Hi, there I want to tell you look up Vertigo exercise do it at least twice a week only don’t over do it. what I did was lay down on right side lay down half way looking ceiling for like count to 30 and get up slowly and then go left repeat again than sit like 10 minutes close eyes and then sit up straight than, look to left than right 10 times each side not to fast. than look 10 times angle up down both left than right than stop close eyes like for a min. do this twice a week see what your feeling and if it helps you it helped me . I hope this helps thank u god bless I am in the same situation.

  15. Lina

    I went o doctor told me an ,Inner middle ear infection . told me take antibiotics ok I notice blurry vision a lot .and also dizziness looking up. and what I learn don’t look up and look up the vertigo exercise . and do it helps a lot you get back on tract sleep at least 8 hours a day. drink lots of water and get up slowly and don’t bent down unless feel up to it I been doing this but my daughter said make sure not diagnose Meniere’s disease .You can get hearing loss other problems. also sleep bad ear rotate on ears get up slowly sit bed get up. Do the same couch and you get better,\. may god help you and this I put I learn thank u.

  16. Clearwater Clinical

    That’s a tough one that should probably be best answered by your own physician. Many people prefer not to drive while having BPPV, certainly it is impossible to drive when you have active vertigo like with Meniere’s disease.

  17. Don Styles

    Recently diagnosed with BPPV, Is it prudent to drive?

  18. khalid

    I hv tinitis from 2006 but now I am also suffering Vertigofrom last 3 months I had 3 severe attack of head spinning 2 times fall down.Now spinning has stope but always feel dizziness &my main problem is that I hv severe pain in my legs even can’t walk.please suggest something for my Legs

  19. Rkn

    So if you went for a month with positional vertigo didn’t know what going on first thought the problem was diabetic due to blurry. Vision double vision went doctor sugar was high never had this before so u til other day thought dizzy would go away after regulate the sugar problem so how long this vertigo might last so stop being dizzy it not spinning dizzy more off balance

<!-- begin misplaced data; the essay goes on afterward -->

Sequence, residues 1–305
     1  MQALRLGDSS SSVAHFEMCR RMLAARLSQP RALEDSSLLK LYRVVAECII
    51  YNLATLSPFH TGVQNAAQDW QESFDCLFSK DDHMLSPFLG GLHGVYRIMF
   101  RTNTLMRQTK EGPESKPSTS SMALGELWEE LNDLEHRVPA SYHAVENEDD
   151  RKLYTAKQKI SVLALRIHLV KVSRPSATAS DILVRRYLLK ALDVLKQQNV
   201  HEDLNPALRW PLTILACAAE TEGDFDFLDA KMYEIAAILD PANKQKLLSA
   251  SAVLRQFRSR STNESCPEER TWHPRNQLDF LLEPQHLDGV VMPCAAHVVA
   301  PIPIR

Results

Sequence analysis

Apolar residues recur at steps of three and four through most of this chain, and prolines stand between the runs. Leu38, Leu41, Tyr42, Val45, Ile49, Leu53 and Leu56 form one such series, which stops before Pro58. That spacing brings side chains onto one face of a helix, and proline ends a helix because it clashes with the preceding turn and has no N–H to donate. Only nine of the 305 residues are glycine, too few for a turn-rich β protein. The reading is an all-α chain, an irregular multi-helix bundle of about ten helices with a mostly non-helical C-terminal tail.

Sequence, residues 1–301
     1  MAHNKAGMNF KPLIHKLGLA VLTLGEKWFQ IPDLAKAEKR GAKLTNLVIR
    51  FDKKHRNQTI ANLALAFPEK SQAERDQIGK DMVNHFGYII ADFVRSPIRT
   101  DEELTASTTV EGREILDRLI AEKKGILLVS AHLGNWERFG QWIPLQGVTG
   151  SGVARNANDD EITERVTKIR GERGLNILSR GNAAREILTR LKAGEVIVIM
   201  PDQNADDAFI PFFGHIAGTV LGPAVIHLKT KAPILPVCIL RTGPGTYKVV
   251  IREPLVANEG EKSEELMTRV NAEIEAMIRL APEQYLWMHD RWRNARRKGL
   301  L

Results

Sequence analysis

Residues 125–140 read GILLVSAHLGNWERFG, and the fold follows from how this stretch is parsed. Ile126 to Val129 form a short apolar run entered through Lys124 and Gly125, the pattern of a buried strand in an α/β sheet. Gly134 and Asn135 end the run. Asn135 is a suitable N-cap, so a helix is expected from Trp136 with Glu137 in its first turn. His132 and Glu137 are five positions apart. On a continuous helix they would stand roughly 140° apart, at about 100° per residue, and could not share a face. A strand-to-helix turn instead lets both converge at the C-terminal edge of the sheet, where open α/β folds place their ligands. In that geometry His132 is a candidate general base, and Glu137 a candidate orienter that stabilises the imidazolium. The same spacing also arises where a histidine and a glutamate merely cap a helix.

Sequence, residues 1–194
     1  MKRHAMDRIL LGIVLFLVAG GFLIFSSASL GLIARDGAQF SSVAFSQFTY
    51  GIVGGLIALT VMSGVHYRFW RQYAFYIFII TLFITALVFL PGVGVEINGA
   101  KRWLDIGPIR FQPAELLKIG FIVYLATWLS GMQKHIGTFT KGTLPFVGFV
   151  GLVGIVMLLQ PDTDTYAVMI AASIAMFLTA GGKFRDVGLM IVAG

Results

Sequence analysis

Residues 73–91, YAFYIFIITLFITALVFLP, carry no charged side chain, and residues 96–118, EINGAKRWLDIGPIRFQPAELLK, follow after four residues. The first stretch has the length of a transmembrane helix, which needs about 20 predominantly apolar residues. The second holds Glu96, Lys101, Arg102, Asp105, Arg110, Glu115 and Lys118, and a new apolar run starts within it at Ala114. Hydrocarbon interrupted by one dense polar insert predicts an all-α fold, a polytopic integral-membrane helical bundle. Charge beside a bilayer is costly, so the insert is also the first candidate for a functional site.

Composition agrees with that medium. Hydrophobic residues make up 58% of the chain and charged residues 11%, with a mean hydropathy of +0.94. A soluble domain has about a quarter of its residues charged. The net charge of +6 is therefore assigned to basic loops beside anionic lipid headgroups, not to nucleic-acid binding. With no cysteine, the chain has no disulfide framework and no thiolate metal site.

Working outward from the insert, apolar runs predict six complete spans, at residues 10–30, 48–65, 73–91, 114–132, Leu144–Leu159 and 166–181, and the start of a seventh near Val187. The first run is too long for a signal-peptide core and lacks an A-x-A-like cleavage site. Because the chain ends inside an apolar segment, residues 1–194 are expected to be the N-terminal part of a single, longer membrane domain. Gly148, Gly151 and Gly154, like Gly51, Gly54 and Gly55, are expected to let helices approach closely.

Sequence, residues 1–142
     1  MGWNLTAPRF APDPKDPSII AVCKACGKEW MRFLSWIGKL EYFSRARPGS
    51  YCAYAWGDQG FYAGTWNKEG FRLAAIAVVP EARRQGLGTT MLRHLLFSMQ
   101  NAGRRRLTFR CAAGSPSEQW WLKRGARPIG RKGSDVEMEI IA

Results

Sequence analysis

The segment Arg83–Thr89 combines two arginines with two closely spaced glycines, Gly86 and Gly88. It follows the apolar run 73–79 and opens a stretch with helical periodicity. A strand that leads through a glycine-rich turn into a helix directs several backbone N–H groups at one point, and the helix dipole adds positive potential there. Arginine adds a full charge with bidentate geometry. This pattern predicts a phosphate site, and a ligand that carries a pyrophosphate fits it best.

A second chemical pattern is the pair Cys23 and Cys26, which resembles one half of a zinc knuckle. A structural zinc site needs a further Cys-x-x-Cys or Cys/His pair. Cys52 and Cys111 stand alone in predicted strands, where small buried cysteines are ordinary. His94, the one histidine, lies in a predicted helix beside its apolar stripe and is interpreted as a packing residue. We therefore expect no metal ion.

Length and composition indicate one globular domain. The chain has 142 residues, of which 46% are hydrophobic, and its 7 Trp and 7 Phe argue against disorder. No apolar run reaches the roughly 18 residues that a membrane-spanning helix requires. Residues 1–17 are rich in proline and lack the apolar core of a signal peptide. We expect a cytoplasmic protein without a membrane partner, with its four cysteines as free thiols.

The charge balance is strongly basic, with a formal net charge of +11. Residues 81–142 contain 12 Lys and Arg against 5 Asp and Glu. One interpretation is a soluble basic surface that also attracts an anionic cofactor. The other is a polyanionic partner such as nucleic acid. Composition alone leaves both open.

20. Clearwater Clinical

    Sadly the feeling you get after an episode of BPPV just has to wear off. I find that the faster you treat BPPV (the fewer episodes you have during any one period) the shorter the duration of recovery. So I mean that if you get up in bed and have BPPV then do the Epley maneuver right then, then go back to bed for a few hours. Wake up again and usually I find that things are much better. However, taking meds and staying in bed is not a good compensatory strategy once you have recovered from the initial episode. Moving around and moving your head, will help you brain get back to normal. Good luck.

  21. Suzy

    I had my 1st episode of ‘bv’ about 5 yrs ago. I had just gone to bed when suddenly my head felt like it was spinning, then dizziness & nausea joined in. I went into a cold sweat, vomiting, the dizziness lasted for 7 hrs. I ended up lying on the floor fearing I was going to fall off the bed. I clutched my fingers into the floor because it felt like I was going to spin off & fly away. This episode took a few days to settle. The other day it happened again while I was out in my front garden. I felt a dizzy spell come on & felt light headed. I had to sit & lean against the wall for support. I couldn’t stand up or walk & the only way I could get back inside was to crawl back & drag myself in. After vomiting & rest it seems to have settled. It’s been 3 days now & the dizziness has stopped but I still feel unsettled, what can I do to control this?

  22. Clearwater Clinical

    Thanks for the comment.

    The risk of ‘moving from 1 chamber to another’ is low, and even in the even of this happening it is usually brief (although intense).

    Most people prefer to have the Epley and get rid of BPPV (for years if not completely), rather than live with it. If you do nothing it will persist for weeks to months to years. If you do the Epley it will mostly likely go away quickly. You can do it at home if you like with DizzyFIX of with your ENT physician or vestibular physiotherapist.

    In most cases you should not have to “live with it”

    Make sure to discuss any plans with your own physician.

    Good luck.

  23. Alex Smith